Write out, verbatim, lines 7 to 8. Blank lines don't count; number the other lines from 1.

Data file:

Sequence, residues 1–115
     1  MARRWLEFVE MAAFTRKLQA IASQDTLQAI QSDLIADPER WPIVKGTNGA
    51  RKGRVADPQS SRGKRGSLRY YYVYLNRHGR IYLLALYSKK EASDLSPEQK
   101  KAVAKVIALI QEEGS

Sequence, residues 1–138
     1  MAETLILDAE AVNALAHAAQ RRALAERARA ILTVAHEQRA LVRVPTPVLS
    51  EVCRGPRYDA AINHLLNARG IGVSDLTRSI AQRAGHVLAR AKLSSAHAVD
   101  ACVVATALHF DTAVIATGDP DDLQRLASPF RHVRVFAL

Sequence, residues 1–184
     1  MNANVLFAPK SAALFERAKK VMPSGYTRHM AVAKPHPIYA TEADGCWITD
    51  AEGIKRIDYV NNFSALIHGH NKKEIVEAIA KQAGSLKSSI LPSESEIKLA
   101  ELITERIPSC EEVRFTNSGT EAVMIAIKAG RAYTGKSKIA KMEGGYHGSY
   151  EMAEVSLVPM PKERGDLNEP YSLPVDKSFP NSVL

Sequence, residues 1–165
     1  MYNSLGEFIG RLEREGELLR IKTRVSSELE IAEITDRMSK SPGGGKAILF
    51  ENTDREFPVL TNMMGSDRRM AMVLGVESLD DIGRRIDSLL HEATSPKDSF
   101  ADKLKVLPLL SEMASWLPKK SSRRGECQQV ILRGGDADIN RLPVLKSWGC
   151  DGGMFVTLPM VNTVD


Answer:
    51  EVCRGPRYDA AINHLLNARG IGVSDLTRSI AQRAGHVLAR AKLSSAHAVD
   101  ACVVATALHF DTAVIATGDP DDLQRLASPF RHVRVFAL